mindfulness of irritation

New Delhi: Around midnight, the neighbour’s dog starts barking. It’s done this before. I know where it is; standing out there on the second floor balcony, facing the tall trees in the park, where birds, squirrels, and small creatures are trying to sleep. Other dogs must be thinking: really! what’s all the fuss about? The dog barks (sounds more like a shouted ‘woof’) in multiples of 7 woofs: woof, woof – woof, woof – woof, woof – woof! Then it stops for a breath and starts on the next round of woofs: woof, woof – woof, etc. The only voice in the silence of the night. It’s a guard dog; it barks for a living, just doing its job. The problem is, it’s left alone most of the time in a house owned by people who don’t live there. They go away and the dog shouts out: I am here, I am here….

An irritating situation, ‘mind’ racing around in a panic, bordering on anger and outrage and I’m very conscious there’s nothing I can do about Dog; mindfulness is all there is. I need to try to be mindful, then doubt comes along: I’m trying to be mindful, but still feeling the irritation, so maybe I’m not doing it correctly? Why isn’t the mindfulness easing the suffering? Fortunately I find a short video of Ajahn Viradhammo talking on this subject. Ajahn V is saying that mindfulness is the capacity to know what irritation is. That’s different from being irritated. Being irritated means, ah, now you’ve got this barking dog, okay, so that’s bad, very bad; it shouldn’t be like this, no, etc. That’s not being mindful, that’s being irritated.

So, gratitude to Ajahn V, I managed to see the difference between ‘irritation’ and ‘mindfulness of irritation’. With mindfulness, I can make a choice: get irritated about Dog? or watch my breathing. I can choose to mindfully listen to the voice of the dog and use aspects of the experience to calm my mind

Dog usually goes on barking for about 20 minutes and then has a rest. Well, I suppose all that energetic barking must be quite tiring… yeh, well after it’s had its rest, it comes back to the balcony and gets into its next round of multiples of 7 woofs for another 20 minutes or until it chooses to stop and the night can drag on like this…. So, eventually I realise I have to get to know this dog voice; make friends with it. The ‘woofs’ are dog-shouts – I am over here now – large, breath-sized, full-lung-capacity, plosive, gusts of dog breath forced at velocity through vibrating vocal cords – a kind of dog song.

The woof  sound has a deep, rich bass quality, an acoustic resonance that suggests to the listener a spacious hollow chest cavity; definitely indicates size, a large creature. I’ve seen it up there on the balcony, a black Alsatian, but when it sees me, it goes into accelerated barking mode. Unfortunately, it seems to take a long time for Dog to wind down from this excited state of dog-shouts to the ordinary pace so I don’t allow that to occur. I don’t have eye contact with it.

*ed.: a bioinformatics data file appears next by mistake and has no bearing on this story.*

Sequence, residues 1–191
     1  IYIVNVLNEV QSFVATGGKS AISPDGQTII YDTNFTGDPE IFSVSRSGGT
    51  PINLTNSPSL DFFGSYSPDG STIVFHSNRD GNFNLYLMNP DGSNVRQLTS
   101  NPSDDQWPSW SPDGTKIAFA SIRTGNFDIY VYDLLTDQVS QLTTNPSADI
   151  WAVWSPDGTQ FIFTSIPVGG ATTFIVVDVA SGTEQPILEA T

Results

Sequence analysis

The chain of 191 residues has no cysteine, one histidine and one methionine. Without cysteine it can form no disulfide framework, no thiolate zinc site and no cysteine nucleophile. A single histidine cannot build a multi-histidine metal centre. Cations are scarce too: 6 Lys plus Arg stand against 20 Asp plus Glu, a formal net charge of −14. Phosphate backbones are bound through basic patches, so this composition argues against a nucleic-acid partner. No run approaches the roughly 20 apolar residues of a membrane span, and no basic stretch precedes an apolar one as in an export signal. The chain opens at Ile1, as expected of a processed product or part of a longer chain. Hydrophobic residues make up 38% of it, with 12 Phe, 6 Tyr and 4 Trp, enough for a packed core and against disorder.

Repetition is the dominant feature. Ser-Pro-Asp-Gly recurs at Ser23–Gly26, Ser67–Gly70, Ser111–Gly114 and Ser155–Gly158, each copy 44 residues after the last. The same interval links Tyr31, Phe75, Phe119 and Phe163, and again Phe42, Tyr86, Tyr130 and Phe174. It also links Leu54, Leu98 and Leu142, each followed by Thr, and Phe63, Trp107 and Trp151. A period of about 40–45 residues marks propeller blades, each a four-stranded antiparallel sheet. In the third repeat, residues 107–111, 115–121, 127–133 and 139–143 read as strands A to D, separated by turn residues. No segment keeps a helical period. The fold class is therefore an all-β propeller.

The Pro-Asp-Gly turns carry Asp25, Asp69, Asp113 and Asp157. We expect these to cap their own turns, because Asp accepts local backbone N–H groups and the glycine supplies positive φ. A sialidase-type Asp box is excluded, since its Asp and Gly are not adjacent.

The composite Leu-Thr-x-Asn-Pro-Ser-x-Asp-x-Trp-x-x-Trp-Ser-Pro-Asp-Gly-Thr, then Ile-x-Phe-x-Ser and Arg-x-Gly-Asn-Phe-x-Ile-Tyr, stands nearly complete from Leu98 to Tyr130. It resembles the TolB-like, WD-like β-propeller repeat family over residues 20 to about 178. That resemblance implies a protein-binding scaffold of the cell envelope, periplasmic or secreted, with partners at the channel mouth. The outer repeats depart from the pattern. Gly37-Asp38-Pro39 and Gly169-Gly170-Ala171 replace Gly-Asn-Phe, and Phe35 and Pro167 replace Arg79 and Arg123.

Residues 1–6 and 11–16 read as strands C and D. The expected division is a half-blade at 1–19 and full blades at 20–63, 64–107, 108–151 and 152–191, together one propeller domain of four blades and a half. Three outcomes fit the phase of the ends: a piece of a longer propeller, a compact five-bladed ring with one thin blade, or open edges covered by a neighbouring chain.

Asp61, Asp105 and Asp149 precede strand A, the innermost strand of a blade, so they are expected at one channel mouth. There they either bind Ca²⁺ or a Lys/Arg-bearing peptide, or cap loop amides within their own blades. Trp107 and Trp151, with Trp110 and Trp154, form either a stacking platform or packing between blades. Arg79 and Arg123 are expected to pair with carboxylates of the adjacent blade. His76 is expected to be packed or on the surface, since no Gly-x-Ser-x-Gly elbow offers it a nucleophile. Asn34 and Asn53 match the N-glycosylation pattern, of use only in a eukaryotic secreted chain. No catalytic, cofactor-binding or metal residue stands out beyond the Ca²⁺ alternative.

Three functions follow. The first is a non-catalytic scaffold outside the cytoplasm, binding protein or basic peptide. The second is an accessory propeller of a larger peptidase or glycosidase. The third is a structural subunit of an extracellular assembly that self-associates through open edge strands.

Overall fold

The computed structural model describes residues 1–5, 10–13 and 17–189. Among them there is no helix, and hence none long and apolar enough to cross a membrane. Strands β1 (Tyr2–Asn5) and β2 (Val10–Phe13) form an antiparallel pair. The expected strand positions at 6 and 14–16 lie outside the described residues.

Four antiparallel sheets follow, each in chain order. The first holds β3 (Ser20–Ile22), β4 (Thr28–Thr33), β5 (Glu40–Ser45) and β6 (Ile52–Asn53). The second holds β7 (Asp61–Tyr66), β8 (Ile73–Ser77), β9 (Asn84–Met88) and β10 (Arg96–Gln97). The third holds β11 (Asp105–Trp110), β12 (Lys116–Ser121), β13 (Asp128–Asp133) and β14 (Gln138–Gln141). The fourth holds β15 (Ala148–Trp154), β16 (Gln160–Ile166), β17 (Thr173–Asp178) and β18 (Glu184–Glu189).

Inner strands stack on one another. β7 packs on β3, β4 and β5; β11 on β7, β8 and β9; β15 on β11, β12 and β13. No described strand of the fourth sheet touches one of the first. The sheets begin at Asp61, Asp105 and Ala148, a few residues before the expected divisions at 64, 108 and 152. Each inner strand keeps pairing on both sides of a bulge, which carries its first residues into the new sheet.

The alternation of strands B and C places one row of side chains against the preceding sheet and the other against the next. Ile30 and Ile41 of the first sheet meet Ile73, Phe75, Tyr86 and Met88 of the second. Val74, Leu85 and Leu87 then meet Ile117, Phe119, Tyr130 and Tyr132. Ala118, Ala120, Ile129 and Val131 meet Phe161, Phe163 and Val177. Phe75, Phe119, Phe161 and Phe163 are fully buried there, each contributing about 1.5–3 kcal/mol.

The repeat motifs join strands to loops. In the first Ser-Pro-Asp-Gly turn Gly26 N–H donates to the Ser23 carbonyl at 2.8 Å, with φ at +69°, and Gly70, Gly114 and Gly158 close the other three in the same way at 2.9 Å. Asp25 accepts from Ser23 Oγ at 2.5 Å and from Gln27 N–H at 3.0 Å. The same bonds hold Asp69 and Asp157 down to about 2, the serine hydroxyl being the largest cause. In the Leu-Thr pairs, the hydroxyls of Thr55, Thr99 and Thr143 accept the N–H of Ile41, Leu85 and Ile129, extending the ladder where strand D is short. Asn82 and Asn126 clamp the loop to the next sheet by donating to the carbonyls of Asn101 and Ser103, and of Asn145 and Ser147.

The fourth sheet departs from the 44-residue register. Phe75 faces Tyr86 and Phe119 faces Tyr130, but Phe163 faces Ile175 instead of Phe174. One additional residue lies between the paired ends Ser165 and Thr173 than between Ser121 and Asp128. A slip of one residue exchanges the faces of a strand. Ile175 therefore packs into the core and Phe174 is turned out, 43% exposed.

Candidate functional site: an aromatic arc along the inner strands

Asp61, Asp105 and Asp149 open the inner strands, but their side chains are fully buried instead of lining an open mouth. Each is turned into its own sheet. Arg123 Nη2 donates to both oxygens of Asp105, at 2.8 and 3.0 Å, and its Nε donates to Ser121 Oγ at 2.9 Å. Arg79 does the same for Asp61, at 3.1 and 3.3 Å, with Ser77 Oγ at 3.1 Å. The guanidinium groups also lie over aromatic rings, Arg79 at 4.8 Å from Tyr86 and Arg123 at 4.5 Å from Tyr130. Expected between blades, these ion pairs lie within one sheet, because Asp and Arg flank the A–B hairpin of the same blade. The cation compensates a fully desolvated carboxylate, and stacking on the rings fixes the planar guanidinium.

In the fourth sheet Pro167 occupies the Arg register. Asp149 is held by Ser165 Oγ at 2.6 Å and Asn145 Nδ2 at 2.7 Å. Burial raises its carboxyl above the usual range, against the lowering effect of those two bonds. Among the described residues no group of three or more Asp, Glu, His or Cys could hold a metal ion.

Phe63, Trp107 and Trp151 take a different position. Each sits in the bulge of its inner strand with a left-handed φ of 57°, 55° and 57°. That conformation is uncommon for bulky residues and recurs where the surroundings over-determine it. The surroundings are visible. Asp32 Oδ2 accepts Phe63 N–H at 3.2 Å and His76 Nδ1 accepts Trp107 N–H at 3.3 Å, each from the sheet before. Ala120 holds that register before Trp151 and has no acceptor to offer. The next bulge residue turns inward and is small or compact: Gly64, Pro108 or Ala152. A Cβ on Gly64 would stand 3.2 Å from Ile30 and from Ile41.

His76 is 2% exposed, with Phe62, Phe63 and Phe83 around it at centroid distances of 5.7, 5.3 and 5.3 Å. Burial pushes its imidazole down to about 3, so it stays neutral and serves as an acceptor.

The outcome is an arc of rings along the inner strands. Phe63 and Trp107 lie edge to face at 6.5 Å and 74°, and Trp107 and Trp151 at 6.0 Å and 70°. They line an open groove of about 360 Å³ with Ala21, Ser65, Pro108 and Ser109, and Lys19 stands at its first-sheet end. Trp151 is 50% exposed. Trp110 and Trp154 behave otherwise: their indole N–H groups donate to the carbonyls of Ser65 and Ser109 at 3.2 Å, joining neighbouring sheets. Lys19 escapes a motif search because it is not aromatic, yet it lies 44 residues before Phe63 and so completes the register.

As the night goes on, it becomes heavy and laboured; barking requires energy,  and there’s a noticeable tiredness or monotony about it – the dog is not spirited and happy, rather, it’s like it’s bored; why am I doing this? What’s the point? Motivation for barking at its best is beginning to slip. That’s when I’m inclined to start thinking it’s going to stop any minute but I’ve been caught in that wishful thinking state before and discover Dog has sufficient energy to go on for very much longer: woof, woof – woof, woof – woof, woof – woof!

So, necessity determines the right action, and that is mindfulness. Ajahn says there is the irritation, I feel it, but I don’t become the irritation. I now have some space around this thing called irritation; I see there is a choice. I’m not that irritation; I’m bigger than it. Mindfulness is bigger than that, I’ve met it, I know it, and I can make a choice because I’m not caught up into it. I’m not caught so I’m able to let go at last and fall into profound sleep, where I’m happily unaware if Dog is barking or not. Wake up next day and I’ve forgotten all about it.


‘The choices I make with thought, with intention with action with speech, they have a consequence. So if I just (tolerate the situation) in a state of frustration then that means a certain amount of stress is going to carry on into the next five minutes. And if I’m not mindful of that sort of stress and not able to say, well this is the way it is now, I will feel rotten or negative or unhappy and I never really awaken to the moment then each next moment is just driven by habit and I’m like a leaf in the wind…. The craft of the heart. Pottery, carpentry, knitting. A craft requires skill. We, as human beings can do skillful things, do our craft, get better at it. It’s the same with our minds. Our minds are not just hard-wired to be a certain way, they are flexible’ Ajahn Viradhammo [Link to video]


7 thoughts on “mindfulness of irritation

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